Bill in question

I haven't been able to find a clear answer to this question.

I'm aware that there exists the Supremacy Clause which says that state laws cannot contradict federal laws. Another way of wording this question is: would federally decriminalizing marijuana mean that state criminalization is contradictory?

Prostitution for example is not a crime or even illegal under federal law, though it is a crime in almost every state. Given this example, it seems like marijuana would remain illegal under state law (if applicable), though I'm not confident about my intuition here.

  • It might just be the intent that such a law would tend to nudge states towards repealing their own laws. They'd also have a somewhat harder time enforcing such laws if they didn't have the support of the federal DEA. Commented Oct 31, 2020 at 15:05
  • There are certainly all kinds of other products that are legal under federal law but banned or regulated in certain states. Fireworks are the first example that comes to my mind. I don't know of any Supremacy Clause problems with that. Commented Oct 31, 2020 at 15:07

2 Answers 2


If such a bill passes as written, it removes any federal criminal prohibitions against marijuana (assuming their research was sufficiently thorough), and raises marijuana to the same legal status as celery salt, which simply is not mentioned by federal criminal law. There would be no federal declaration that marijuana is now legal, and therefore, when federal law is silent, state law can say something. If silence at the federal level precluded state law on the topic, there could be not any state law – the Supremacy Clause only addresses conflicts. The bill could also be written to include a positive declaration that there shall be no laws against marijuana, and that would create a conflict with state law.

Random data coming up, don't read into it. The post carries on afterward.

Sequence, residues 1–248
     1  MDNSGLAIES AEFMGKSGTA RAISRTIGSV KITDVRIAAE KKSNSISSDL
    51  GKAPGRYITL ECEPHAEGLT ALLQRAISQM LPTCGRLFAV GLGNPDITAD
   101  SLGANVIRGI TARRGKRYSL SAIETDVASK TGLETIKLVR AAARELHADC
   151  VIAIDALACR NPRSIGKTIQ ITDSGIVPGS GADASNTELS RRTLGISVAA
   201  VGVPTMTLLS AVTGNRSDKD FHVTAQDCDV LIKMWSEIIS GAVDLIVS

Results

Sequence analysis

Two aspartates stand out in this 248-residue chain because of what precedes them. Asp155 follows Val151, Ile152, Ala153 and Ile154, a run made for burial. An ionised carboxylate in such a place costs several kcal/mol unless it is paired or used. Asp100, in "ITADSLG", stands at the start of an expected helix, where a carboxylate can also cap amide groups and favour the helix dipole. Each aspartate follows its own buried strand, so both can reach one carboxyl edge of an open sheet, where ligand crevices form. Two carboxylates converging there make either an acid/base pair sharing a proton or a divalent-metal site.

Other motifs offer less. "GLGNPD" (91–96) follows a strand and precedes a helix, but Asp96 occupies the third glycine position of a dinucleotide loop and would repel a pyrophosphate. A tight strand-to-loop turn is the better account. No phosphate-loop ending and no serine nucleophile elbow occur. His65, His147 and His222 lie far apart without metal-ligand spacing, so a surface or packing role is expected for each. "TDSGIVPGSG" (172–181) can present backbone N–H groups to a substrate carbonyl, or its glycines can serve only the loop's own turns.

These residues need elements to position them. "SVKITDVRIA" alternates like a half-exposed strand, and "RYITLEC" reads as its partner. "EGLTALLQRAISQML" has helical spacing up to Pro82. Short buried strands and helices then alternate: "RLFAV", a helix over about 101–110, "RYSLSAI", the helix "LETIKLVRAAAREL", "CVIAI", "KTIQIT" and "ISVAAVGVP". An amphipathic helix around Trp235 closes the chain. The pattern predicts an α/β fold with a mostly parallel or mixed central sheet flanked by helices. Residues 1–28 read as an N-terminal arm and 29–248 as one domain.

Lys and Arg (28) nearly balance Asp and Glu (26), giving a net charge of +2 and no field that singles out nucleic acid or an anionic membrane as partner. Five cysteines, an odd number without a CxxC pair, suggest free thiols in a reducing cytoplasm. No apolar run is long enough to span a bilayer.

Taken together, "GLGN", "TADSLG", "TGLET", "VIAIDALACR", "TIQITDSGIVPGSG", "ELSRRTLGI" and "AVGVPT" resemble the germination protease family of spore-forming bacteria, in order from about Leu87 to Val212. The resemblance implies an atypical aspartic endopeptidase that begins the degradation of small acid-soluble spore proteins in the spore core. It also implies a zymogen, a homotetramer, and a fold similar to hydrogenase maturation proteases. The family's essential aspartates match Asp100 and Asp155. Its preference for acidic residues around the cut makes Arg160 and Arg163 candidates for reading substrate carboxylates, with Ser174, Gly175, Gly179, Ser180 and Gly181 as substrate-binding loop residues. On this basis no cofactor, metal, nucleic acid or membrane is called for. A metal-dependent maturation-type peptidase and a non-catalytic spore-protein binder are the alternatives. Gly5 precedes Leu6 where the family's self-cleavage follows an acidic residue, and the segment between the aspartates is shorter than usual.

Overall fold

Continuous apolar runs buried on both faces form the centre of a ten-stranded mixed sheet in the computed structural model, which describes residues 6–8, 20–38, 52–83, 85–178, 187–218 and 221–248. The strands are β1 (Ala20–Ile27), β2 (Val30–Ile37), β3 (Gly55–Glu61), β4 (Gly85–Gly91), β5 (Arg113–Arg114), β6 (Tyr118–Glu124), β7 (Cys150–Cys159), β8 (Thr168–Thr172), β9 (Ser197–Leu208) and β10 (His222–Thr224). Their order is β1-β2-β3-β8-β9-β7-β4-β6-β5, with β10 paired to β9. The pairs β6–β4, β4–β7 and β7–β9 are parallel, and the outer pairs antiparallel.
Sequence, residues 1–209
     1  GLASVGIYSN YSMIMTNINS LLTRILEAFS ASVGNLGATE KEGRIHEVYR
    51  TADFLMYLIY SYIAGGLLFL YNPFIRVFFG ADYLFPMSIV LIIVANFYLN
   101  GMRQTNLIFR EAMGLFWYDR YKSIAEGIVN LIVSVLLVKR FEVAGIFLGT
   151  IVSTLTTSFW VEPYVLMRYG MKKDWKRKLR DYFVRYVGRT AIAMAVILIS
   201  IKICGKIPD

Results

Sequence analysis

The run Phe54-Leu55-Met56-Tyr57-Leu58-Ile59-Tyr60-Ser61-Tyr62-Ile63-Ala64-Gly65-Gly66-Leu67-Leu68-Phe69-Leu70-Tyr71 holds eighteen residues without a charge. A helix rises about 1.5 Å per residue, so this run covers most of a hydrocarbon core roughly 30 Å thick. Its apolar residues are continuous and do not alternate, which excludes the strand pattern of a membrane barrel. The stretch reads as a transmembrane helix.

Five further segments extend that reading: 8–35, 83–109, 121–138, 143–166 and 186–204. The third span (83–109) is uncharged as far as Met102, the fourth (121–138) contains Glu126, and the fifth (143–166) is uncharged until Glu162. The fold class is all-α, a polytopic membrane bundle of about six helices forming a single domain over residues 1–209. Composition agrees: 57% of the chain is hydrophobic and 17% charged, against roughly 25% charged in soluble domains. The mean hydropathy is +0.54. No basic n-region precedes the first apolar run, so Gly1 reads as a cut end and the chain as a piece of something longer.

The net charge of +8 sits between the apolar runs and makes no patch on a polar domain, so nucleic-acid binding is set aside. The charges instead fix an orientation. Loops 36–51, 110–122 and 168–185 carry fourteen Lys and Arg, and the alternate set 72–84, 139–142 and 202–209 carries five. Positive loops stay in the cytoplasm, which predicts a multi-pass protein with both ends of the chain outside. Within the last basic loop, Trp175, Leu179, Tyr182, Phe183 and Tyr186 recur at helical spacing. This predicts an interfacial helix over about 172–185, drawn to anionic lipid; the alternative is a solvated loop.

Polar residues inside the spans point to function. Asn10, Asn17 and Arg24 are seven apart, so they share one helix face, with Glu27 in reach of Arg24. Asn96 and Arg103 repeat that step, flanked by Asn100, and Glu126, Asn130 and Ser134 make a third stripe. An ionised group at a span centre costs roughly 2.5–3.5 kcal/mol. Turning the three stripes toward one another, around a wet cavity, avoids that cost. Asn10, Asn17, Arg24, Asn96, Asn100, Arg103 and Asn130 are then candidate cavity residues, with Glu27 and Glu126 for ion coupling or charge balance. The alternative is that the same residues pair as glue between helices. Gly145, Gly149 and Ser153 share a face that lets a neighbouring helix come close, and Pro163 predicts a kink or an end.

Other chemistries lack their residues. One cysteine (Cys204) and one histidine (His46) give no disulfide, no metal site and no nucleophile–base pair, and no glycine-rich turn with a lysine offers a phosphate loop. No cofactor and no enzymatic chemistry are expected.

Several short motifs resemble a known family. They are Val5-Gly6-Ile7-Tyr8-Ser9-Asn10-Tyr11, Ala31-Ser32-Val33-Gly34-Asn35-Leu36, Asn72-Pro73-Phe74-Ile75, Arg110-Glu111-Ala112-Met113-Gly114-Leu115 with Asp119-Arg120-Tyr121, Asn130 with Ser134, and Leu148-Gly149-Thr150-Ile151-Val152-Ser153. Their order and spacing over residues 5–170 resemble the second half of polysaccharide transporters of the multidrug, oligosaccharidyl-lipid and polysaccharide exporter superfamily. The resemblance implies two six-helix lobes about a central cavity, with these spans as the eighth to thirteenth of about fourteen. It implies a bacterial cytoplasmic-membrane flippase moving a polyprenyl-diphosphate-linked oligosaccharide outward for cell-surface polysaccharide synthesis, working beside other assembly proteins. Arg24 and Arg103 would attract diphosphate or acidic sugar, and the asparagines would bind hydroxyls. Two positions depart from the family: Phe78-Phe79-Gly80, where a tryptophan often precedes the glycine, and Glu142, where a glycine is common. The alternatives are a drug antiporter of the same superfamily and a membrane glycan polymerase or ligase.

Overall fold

Often, conflicts are avoided by crafting a jurisdictional difference, such as having laws that only apply while on federal property, or w.r.t. federal employees. The Constitution is structured to separate what the federal government can do versus what state governments can do, so that conflicts don't arise – however, the Commerce Clause ends up being used to expand federal power (e.g. the Controlled Substances Act). As Nate Eldredge comments, there is a huge difference between what is allowed under federal vs. (certain) state laws w.r.t. fireworks, and even town-to-town variations in fireworks laws. Numerous "professional" acts are completely legal w.r.t. federal law but are illegal at the state level. No federal law prohibits me from practicing as an attorney: it's state law that does that (likewise, being a cosmetologist or selling beer).


The bill, as written, does not purport to change any state laws. It removes marijuana from all schedules of the federal controlled substance list, and would remove a number of provisions making use or possession of it a crime. It also would add regulation of production under the same Federal rules as govern Tobacco. It also would clear criminal records of Federal convictions for various marijuana offenses. None of that would change any state laws directly.

However, some state laws may refer to the Federal controlled substances list, making it a crime to use or sell or posses items included in a particular schedule. Any state laws of this type would be effectively changed, as the contents of the list would change. But a state could amend its laws to specifically make marijuana criminal if it so chose.

Note that this bill has not passed, and seems unlikely to pass in the relatively short time left in the current Congress. For it to become a law, it would need to be reintroduced in a later congress, and pass in the usual way. Such a new bill might be different.

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